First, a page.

SOUTH FORSYTH -- A team from South Forsyth High School has cooked its way to a national competition after recently winning the Georgia ProStart Championships.
The students — Jamey Brazier, Olivia Fisse, Jisun Ham, Corey Nolan and MaKenzie Petrin — are part of Dawn Martin’s culinary program at South.
“The really neat thing about this competition is it culminates everything culinary,” Martin said. “You have to cost the recipe, you have to learn how to write it correctly ... and then they have to come up with names for it. They have to make sure they know the right cooking technique.
“There are all of these little pieces, and then there’s the teamwork. It’s teaching really great life skills because that’s what they have to do when they get out in the working world. So it’s a great environment for them to learn these things and take them to the next level.”
The students’ menu included poached halibut with smoked salmon wrap, tomato vinaigrette and celeriac root puree and a sautéed breast of leek-stuffed chicken, fennel sausage, braised cabbage, honey glazed carrots, rosemary polenta and field mushroom sauce.
For dessert, they made a vanilla cheese Bavarian with strawberry-rhubarb gelee, pecan brittle and granny smith apple broth.
While the menu was theirs, the students have been working since November with Derin Moore, a certified master chef. Moore, whose daughter is also in the culinary program, is a corporate chef for Performance Foodservice.
As a judge for the competition last year, Moore saw the students at South perform and said it was then he “knew that they were very serious about the program and the dedication and they’ve always done quite well.”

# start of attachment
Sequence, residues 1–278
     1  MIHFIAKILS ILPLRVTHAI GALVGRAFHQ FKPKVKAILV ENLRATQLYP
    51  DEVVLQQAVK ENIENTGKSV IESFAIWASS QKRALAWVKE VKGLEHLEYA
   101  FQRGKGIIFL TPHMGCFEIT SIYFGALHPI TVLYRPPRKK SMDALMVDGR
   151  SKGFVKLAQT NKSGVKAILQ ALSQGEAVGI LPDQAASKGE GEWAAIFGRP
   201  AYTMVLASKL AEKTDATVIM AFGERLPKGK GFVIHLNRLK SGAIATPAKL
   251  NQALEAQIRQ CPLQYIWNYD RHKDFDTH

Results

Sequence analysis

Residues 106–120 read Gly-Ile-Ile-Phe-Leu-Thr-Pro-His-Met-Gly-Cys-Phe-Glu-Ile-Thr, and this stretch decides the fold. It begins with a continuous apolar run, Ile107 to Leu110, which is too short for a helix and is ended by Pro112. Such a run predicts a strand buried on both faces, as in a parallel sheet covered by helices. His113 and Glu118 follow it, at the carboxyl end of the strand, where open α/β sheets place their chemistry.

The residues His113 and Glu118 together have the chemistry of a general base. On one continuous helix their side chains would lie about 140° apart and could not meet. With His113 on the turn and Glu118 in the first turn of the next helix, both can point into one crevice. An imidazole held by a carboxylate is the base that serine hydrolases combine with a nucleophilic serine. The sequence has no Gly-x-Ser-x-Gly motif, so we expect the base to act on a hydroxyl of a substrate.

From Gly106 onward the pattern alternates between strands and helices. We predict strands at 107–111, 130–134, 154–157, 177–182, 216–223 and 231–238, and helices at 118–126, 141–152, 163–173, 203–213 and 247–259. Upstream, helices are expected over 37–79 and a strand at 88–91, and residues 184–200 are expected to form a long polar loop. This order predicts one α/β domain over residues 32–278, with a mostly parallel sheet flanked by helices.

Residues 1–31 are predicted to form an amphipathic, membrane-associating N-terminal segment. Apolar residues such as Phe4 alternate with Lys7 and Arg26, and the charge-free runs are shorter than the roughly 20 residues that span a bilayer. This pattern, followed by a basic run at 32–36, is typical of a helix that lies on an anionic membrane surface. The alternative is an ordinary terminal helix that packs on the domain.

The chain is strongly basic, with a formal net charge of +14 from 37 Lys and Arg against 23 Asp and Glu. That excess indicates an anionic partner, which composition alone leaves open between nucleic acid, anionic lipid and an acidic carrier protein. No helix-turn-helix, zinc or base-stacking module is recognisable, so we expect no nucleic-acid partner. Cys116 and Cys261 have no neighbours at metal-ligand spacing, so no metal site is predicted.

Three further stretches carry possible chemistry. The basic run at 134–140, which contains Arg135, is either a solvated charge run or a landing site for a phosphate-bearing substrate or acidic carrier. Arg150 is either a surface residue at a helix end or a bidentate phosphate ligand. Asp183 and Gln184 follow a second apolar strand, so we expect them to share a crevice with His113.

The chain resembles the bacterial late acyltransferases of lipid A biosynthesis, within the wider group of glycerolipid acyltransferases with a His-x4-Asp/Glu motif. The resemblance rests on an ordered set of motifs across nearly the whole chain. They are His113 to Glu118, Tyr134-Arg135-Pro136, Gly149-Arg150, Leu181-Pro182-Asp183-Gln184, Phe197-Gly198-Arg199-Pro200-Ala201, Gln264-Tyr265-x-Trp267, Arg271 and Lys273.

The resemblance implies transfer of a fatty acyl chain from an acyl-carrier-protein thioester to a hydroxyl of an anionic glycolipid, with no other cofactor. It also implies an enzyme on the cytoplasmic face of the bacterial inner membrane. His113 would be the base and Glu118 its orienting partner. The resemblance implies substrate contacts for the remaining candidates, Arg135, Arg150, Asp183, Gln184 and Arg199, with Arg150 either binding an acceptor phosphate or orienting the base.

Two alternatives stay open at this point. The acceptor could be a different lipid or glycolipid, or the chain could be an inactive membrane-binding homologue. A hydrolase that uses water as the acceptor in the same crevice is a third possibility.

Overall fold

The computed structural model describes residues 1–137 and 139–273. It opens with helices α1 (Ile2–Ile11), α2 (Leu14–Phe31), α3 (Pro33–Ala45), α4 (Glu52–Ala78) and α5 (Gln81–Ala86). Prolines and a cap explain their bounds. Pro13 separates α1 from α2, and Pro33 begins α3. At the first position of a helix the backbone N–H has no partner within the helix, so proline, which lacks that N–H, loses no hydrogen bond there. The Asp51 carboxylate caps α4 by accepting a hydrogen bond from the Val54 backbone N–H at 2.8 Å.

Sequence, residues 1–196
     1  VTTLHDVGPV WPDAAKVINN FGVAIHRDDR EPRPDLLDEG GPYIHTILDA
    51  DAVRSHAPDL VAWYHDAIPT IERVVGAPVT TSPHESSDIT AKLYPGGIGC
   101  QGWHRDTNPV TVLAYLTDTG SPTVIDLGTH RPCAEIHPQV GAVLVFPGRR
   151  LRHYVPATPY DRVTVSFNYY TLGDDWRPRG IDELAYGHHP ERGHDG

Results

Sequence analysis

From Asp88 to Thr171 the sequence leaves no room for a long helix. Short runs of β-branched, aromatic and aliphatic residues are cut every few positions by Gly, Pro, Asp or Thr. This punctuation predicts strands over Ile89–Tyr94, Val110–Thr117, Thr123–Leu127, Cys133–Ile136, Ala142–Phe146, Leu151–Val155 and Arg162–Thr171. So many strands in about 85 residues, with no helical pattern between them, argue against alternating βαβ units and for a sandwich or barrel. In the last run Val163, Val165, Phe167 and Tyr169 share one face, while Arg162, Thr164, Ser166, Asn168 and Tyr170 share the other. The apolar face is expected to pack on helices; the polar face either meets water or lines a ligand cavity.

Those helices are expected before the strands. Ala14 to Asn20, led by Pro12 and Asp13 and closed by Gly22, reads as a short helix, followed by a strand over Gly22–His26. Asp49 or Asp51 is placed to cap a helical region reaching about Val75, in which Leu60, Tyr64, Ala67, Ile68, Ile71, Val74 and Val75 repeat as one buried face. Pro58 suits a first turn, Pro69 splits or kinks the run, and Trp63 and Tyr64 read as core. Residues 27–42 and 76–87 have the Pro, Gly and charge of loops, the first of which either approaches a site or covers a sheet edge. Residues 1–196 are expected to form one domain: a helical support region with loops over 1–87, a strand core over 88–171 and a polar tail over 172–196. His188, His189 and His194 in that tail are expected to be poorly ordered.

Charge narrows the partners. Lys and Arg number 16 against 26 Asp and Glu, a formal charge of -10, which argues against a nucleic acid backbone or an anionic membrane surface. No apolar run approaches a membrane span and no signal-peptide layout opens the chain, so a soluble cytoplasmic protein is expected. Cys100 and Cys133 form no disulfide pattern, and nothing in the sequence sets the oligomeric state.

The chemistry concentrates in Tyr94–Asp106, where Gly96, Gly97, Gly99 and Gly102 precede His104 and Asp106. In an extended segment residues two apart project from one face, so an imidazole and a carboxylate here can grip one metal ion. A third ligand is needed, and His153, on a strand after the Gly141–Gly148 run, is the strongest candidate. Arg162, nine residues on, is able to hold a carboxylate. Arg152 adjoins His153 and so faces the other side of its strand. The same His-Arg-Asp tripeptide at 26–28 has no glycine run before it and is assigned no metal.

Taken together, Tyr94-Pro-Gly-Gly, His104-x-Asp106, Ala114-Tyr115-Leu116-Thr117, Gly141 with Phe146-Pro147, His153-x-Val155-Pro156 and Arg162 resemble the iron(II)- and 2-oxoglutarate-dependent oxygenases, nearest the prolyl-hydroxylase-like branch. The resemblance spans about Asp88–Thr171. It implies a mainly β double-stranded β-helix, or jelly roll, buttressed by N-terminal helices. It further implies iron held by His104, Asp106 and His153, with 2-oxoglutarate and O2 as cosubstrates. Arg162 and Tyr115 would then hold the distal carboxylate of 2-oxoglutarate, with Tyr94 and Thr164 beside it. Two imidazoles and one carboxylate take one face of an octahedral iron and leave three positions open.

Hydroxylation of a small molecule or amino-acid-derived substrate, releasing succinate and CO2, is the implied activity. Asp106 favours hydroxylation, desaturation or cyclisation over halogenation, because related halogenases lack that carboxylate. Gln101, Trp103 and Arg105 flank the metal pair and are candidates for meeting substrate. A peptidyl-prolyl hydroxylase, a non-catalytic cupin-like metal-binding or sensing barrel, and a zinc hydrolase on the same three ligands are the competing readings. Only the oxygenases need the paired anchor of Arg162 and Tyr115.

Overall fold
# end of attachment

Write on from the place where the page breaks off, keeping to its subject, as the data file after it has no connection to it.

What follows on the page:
Moore said he helped guide the students on how competitions work, the importance of timing and organization and executing their menu.
“They performed very well,” he said. “I was very pleased with the way they executed the menu, with their timing, cleanliness, organization—they performed like professionals.
“It was really, really nice to see how dedicated and driven they were through the practices and how they executed that through the competition.”
In addition to their cooking, the students were also judged on their knife skills, an area in which Martin said Brazier excelled when he had to fabricate a chicken.
“The judges told him he needed to be a surgeon because he did such a great job,” Martin said. “To watch some of them not even be able to hold a knife to being able to come out as a state champion winner is so exciting.”
Both Brazier and Nolan are seniors and have each earned $15,000 in scholarships toward attending culinary school next year, according to Martin.
They will be hard to replace, but their leadership helped inspire a new group of competitors.
“You watch them come so far,” Martin said. “You invest so much in them and see how much of their life they put into this, you just want to see them succeed and be rewarded for their efforts.”